Illustration by Alejandra Oviedo

The Age of the Possible


at the bottom of being,
where the water that makes
aaathis planet a world
aaaaaais the color of spacetime


the octopus—


with her body-shaped mind
and her eight-arm embrace
aaaof alien realities,
with her colorblind vision
aaasightful of polarized light
and her perpetually awestruck
aaalidless eye—


aaaaaacan see


shades of blue we cannot conceive.


Call it god
aaaif you must
lean on the homely
to fathom the holiness
aaaof the fathomless whole.


aaaAnd meanwhile,
up here,
aaawe swim amid particles
we cannot perceive
aaafolded into dimensions
we cannot imagine


to tell stories about
aaawhat is real and
what is possible,
and what it means to be.


A blink of time ago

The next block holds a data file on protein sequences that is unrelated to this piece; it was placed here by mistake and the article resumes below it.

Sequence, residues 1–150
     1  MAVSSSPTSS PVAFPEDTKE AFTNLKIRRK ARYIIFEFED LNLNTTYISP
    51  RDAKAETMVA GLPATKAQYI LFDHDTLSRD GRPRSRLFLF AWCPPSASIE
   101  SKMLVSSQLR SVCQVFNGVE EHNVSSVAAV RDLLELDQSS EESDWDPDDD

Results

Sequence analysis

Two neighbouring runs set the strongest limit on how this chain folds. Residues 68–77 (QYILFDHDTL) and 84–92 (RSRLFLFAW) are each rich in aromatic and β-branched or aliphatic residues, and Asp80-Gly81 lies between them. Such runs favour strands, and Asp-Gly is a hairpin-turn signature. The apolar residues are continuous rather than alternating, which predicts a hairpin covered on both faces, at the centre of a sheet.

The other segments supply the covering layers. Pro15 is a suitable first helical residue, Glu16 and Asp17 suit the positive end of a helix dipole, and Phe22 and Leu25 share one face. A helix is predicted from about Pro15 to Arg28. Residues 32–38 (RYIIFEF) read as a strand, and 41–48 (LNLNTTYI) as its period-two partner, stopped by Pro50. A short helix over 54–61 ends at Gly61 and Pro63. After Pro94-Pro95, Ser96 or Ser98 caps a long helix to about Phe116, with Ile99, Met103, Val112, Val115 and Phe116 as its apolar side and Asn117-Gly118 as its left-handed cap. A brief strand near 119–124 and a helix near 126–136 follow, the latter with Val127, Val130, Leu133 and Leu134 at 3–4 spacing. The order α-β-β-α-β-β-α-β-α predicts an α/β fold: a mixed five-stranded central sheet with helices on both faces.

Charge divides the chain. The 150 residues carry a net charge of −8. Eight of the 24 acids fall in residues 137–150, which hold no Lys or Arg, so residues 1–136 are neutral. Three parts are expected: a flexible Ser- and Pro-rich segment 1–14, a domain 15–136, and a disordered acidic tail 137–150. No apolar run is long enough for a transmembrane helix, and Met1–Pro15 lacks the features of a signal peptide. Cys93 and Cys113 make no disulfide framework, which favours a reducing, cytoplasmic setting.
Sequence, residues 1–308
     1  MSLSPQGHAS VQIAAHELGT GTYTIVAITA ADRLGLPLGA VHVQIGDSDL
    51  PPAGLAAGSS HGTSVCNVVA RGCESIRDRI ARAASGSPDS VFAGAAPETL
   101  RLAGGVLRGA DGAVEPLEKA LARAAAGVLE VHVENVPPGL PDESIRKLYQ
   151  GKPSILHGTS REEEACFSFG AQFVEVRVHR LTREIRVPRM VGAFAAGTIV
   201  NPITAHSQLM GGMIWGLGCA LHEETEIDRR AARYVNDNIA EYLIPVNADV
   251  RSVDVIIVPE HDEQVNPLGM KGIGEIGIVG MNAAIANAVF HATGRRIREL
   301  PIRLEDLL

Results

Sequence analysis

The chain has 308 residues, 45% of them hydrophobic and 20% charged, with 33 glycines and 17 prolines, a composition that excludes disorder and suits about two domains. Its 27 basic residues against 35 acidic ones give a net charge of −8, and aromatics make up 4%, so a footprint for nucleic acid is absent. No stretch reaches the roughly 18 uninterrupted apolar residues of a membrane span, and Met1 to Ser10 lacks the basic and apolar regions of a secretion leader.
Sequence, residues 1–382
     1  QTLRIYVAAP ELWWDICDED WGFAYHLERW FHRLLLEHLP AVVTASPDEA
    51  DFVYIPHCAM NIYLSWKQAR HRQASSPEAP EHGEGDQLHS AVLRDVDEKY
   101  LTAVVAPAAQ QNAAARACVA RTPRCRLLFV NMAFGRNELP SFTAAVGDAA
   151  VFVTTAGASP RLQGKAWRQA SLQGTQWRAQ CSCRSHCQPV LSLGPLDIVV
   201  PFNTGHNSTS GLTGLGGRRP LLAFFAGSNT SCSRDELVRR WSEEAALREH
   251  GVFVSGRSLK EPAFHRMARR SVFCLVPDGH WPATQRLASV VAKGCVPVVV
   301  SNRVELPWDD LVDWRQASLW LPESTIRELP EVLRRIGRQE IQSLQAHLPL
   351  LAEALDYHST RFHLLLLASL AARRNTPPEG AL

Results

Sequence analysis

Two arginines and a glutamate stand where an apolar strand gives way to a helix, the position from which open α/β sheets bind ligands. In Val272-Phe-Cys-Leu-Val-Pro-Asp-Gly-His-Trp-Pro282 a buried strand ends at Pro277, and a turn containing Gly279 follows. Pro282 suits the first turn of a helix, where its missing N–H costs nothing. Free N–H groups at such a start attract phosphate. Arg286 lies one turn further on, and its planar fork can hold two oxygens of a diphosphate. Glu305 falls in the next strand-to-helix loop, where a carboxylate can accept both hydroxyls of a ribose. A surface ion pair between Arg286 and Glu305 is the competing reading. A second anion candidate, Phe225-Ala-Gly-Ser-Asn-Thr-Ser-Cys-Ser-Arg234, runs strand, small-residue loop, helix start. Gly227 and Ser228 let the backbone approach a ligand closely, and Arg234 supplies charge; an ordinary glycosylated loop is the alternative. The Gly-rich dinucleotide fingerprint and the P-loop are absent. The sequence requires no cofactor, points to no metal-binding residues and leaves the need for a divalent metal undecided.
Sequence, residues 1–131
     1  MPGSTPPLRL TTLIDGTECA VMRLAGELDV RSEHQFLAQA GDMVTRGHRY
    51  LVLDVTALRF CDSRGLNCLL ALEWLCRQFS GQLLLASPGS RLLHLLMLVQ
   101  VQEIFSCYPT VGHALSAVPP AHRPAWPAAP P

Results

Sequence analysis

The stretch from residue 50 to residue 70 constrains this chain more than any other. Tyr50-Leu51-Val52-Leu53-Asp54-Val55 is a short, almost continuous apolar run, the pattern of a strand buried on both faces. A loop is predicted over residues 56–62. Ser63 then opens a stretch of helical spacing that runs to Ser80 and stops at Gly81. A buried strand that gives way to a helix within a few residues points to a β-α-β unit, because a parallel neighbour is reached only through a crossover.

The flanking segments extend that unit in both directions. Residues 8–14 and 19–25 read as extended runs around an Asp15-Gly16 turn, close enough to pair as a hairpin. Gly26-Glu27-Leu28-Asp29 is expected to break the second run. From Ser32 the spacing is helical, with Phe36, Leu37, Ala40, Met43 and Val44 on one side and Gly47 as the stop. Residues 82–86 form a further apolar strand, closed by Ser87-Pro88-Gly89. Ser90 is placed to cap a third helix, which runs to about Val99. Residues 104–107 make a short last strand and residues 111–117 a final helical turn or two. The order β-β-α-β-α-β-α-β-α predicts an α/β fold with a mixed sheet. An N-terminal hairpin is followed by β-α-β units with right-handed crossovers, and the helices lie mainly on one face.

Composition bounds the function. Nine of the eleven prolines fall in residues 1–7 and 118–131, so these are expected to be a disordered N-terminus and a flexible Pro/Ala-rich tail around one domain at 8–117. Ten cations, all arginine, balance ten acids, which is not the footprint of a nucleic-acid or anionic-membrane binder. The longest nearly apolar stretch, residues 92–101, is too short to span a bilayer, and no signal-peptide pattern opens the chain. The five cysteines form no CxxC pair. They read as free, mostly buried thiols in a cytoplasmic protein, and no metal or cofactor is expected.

we thought the octopus
we thought this blue world
aaabelow three hundred fathoms
until in 1893—
aaaan epoch after Bach
aaascribbled in the margin
aaaaaaof a composition
aaaaaaaaa“Everything that is possible is real”—
we plunged our prosthetic eye
aaadeep into the blue
and found a universe of life.


the octopus,
godless and possible,


Are any of her three hearts breaking
aaaaaaaaafor us
and our impossible blues?


Orion‘s Summer 2022 issue is generously sponsored by NRDC.

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Maria Popova is a reader and a writer, and writes about what she reads on The Marginalian (formerly Brain Pickings), which is included in the Library of Congress’s permanent digital archive of culturally valuable materials. She is the author of Figuring, coeditor of A Velocity of Being: Letters to a Young Reader, and the creator and host of The Universe in Verse.